I knew we were in trouble when I saw the little boy sitting on the floor, a large wicker basket covering his head. I had many questions. First, where was the dirty laundry that is ordinarily resident in the basket?
A small hand was raised and, following the direction to which it was then pointed, the question was answered in the long line of clothes strewn across the floor. The contents of the basket now accounted for, the interrogation continued.
What was the basket doing on top of the head? Silence. I asked again, this time softly and in a reassuring manner, because I was genuinely interested: many innovations have emerged from what, on the face of it, looked like foolish endeavours.
After a few more moments of silence, the suspect informed me that what I saw as a mere wicker basket, and which we wasted on the day-to-day ordinariness of storing laundry was, in fact, a space shuttle.
With growing confidence, he added that I had, in fact, interrupted an historic mission to Mars by suddenly appearing on the scene and unceremoniously yanking the space shuttle out of orbit.
Had I minded my own business for a while longer, or not been an enemy of the country’s scientific community and progress, he would by now be in outer space, careening forward into the history books, or at the very least destined to pop champagne supernova in the sky.
I interrupted the reverie and sent the suspect down the hall faster than a cannonball to pick up the laundry, return it to the basket, return the basket to its place, and return his atomic mass of energy to this planet, desk and chair, and to the classwork I had asked him to do only minutes earlier.
There has been a lot of difficult terrain to navigate in these times of the Covid-19 lockdown – loss of income, eating through a month’s supply of food in a week, cabin fever, et cetera – but home-schooling has been particularly precarious.
There are primarily two problems. The first is that after years of boastfully recalling the days when you always came first or second in class during your days, you are suddenly asked to help solve a mathematics equation that looks like a Greek symbol caught in a fistfight with Egyptian hieroglyphs.
Under normal circumstances, this dilemma is solved easily by sending the little cretin off to their other parent with a stern ‘can’t you see I am busy’, or a carefully-timed toothache that suddenly renders you incapable of coherent communication, let alone mathematical computation.
But in this ‘new normal’, you have to wear your most serious and scholarly face, examine the equation while taking care not to hold the book upside-down, and wait for a friend in your WhatsApp group to send the answer and hope he is right; Daddy’s credibility could be ruined for life if he stumbles over a Grade Two question.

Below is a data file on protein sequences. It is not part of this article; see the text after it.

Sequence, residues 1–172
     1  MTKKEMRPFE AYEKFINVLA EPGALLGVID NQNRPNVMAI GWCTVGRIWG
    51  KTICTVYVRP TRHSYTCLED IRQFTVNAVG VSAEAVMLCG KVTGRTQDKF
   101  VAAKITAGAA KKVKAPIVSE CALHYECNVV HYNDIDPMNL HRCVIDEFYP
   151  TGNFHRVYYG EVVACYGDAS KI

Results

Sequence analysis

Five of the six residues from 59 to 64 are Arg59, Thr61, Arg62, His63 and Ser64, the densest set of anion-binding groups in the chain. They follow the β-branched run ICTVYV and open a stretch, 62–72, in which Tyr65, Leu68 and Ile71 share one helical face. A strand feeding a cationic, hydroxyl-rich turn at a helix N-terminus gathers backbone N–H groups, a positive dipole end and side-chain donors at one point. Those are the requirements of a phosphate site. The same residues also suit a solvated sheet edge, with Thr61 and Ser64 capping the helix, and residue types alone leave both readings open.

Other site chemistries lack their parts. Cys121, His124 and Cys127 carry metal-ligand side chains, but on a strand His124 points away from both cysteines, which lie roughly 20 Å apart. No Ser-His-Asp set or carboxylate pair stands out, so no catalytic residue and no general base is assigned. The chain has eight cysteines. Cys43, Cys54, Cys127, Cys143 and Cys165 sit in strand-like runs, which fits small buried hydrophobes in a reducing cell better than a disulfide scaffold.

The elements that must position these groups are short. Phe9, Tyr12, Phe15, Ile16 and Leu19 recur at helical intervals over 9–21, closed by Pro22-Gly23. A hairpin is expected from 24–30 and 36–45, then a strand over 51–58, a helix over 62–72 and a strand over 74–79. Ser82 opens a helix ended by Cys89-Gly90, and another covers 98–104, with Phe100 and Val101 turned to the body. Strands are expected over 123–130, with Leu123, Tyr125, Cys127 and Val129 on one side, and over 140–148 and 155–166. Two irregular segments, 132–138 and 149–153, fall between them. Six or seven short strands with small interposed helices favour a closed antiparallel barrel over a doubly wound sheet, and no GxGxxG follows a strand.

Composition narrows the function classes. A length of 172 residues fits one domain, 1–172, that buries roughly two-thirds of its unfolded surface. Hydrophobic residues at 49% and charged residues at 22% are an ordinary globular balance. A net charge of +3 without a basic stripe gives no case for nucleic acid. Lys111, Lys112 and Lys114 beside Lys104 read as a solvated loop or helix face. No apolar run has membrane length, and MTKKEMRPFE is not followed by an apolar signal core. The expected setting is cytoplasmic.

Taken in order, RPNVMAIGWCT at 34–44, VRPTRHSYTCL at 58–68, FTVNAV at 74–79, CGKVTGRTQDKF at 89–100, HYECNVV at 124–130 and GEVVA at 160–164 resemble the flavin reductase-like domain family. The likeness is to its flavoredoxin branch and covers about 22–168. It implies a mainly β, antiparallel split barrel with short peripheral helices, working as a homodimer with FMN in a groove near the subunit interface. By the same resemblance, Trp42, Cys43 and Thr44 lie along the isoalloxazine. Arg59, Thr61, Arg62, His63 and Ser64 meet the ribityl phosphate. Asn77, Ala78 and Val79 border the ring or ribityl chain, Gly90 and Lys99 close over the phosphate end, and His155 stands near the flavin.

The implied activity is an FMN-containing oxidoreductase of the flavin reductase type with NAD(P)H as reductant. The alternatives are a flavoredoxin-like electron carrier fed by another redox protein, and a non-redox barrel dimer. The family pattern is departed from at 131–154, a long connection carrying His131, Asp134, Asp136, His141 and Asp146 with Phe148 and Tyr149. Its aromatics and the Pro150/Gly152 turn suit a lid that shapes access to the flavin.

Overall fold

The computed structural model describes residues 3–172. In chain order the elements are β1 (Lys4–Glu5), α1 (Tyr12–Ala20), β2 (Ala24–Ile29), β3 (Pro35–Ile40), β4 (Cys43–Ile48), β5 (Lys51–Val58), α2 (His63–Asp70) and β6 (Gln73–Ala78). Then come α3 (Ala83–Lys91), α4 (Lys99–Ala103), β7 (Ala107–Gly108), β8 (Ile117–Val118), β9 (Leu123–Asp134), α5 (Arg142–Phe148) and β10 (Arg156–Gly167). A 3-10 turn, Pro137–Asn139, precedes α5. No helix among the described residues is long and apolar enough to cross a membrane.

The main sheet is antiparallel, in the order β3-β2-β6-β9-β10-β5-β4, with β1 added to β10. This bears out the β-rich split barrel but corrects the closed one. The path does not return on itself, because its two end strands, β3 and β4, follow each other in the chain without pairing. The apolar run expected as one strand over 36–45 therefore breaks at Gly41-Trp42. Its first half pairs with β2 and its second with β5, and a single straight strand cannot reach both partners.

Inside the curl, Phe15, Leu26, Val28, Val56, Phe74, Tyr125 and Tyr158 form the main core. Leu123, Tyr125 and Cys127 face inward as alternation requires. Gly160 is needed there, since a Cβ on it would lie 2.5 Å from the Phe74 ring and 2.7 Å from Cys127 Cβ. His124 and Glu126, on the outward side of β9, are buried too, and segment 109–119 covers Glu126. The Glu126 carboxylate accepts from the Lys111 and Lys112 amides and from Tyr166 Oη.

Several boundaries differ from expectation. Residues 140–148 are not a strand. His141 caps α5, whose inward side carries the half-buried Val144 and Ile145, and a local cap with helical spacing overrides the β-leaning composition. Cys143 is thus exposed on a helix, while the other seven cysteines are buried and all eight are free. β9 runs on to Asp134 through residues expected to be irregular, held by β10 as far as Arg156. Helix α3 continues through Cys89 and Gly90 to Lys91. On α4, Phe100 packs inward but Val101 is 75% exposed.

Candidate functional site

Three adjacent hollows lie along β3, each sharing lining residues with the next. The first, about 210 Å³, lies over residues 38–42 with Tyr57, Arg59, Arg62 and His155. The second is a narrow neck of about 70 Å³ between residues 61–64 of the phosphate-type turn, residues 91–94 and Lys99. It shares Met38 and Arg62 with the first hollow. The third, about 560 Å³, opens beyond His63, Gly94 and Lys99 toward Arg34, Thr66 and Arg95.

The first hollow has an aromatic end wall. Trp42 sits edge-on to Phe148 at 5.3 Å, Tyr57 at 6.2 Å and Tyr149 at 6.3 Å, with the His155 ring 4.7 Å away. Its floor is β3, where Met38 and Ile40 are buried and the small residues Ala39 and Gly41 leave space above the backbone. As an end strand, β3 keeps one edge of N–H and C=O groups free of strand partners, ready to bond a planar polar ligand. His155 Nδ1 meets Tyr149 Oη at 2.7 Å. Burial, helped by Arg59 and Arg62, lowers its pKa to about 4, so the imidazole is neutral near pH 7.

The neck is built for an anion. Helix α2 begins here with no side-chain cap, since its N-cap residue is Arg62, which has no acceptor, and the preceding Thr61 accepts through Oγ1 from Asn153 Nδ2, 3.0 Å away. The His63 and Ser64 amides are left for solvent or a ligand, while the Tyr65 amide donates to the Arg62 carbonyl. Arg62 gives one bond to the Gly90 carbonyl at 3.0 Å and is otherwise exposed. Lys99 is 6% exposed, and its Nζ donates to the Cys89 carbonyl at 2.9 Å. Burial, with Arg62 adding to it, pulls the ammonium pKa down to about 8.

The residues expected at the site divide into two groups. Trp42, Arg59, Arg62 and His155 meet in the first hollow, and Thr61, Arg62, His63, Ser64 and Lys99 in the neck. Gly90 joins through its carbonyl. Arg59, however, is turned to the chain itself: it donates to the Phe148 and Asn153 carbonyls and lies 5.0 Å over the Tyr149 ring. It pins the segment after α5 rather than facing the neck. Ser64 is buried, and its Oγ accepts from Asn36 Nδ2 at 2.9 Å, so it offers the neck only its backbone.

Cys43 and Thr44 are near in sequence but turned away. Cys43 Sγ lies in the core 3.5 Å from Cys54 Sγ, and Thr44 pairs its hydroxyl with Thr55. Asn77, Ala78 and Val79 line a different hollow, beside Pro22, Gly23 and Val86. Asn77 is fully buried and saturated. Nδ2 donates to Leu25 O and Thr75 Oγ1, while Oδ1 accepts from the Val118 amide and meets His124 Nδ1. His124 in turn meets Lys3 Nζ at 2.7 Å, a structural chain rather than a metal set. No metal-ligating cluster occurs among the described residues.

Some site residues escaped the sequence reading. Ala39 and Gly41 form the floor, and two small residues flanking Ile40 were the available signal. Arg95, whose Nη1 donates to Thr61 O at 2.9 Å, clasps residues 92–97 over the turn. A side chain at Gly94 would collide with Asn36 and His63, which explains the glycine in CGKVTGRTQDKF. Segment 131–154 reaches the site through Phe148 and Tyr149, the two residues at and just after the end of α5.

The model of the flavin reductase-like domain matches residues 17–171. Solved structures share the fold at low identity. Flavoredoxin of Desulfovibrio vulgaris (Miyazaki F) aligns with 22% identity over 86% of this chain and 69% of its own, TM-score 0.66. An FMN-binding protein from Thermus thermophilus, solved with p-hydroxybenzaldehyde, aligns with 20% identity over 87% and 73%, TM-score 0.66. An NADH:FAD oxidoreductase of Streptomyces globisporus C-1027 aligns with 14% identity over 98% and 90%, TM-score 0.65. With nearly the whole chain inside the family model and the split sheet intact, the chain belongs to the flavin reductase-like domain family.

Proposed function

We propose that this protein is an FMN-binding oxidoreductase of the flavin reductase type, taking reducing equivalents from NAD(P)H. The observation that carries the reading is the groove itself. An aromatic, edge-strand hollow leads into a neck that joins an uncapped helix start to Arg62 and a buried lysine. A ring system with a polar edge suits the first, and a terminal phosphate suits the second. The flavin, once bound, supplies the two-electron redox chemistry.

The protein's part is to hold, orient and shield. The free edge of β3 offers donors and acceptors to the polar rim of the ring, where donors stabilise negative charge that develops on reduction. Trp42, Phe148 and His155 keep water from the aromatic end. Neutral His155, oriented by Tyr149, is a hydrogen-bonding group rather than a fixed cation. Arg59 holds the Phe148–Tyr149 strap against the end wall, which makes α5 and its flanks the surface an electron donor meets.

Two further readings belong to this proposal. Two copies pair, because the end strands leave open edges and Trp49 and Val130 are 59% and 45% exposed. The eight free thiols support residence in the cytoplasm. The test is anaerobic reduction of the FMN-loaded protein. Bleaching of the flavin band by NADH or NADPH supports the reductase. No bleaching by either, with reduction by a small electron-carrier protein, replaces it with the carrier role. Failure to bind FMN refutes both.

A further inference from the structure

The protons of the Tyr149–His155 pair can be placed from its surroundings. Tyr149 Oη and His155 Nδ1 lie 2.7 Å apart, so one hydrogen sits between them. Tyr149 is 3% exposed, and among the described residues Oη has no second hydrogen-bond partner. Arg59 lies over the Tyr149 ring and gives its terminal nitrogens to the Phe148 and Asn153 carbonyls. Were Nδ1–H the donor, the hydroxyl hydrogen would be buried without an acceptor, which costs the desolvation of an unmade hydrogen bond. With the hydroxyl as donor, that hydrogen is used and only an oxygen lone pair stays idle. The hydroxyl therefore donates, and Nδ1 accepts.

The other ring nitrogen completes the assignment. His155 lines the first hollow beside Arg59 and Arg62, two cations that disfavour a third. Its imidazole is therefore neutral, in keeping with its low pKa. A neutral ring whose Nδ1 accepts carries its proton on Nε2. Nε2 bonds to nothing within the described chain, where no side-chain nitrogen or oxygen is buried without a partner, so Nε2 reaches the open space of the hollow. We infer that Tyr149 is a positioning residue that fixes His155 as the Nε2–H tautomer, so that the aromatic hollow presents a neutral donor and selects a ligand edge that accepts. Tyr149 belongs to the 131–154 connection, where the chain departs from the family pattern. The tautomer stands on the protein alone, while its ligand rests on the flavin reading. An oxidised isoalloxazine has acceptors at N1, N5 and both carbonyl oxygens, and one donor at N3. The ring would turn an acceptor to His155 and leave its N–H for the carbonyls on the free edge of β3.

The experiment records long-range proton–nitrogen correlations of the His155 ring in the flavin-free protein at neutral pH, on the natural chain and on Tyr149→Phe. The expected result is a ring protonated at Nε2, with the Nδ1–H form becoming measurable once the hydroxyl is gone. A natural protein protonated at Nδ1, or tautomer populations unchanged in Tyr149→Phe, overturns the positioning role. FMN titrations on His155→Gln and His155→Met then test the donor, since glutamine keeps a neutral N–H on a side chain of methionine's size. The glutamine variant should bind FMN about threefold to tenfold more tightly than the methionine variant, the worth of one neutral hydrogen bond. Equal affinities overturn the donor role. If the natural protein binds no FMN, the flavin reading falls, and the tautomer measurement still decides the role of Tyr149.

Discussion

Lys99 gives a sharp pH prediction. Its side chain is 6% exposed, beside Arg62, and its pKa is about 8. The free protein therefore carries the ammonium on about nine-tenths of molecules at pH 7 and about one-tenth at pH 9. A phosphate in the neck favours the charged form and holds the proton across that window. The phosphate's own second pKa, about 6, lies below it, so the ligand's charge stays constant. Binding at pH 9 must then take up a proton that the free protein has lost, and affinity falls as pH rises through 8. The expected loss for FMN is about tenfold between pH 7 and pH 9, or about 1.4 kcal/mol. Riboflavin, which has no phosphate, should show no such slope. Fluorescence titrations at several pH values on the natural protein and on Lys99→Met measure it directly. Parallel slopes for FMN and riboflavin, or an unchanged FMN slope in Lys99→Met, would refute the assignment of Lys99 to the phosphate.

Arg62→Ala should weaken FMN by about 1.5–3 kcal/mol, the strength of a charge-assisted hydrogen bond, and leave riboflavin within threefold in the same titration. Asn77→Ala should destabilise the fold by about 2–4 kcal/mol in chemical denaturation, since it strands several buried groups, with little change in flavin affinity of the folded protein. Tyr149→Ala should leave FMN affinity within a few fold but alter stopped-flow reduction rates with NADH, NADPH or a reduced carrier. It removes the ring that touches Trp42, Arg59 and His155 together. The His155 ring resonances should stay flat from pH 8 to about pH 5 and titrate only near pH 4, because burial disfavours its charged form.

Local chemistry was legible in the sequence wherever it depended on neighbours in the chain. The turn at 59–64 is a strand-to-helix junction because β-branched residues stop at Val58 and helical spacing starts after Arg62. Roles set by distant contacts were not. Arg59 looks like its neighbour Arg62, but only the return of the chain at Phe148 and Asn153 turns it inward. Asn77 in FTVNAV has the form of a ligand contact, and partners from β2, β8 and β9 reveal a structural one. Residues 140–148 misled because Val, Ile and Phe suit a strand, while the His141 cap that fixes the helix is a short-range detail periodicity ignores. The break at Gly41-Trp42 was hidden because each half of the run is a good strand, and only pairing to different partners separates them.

But the second problem is harder to solve: how do you keep children still and seated for more than five minutes? I know adults who walk into a meeting, sit down and promptly go to sleep. Others keep their eyes open but with a distant emptiness in them, like open windows with the mosquito net drawn.
Children, on the other hand, just. can’t. stay. still. It is as though there is a small wind-up dynamo inside which has to run and run until it runs out of juice by which time they are tired and want to sleep, or drink water, or go and play, or their “stomach is paining” or similar clever devices. Anything to keep them from their classwork.
So you take him by the hand, return him to the desk, pull a chair and sit next to him with your own work. Maybe you can lead by example, you reckon.
He regards the work briefly, maybe even solves a question or two, but from the corner of your eye you can see the concentration draining out of him like water out of a wicker basket.
The mind is wandering back to outer space. You check in to see how they are doing. They say they need help with a question. You look at the equation. The Egyptians seem to be winning. It is a Greek tragedy.
You remember that Museveni doesn’t have a master’s degree yet he has swung us for almost 40 years. You sigh and tell the child to go and play. You make a mental note to write a column strongly recommending for teachers, especially those dealing with younger children, to be paid much more. They deserve it!
Mr Kalinaki is a journalist and poor man’s freedom fighter.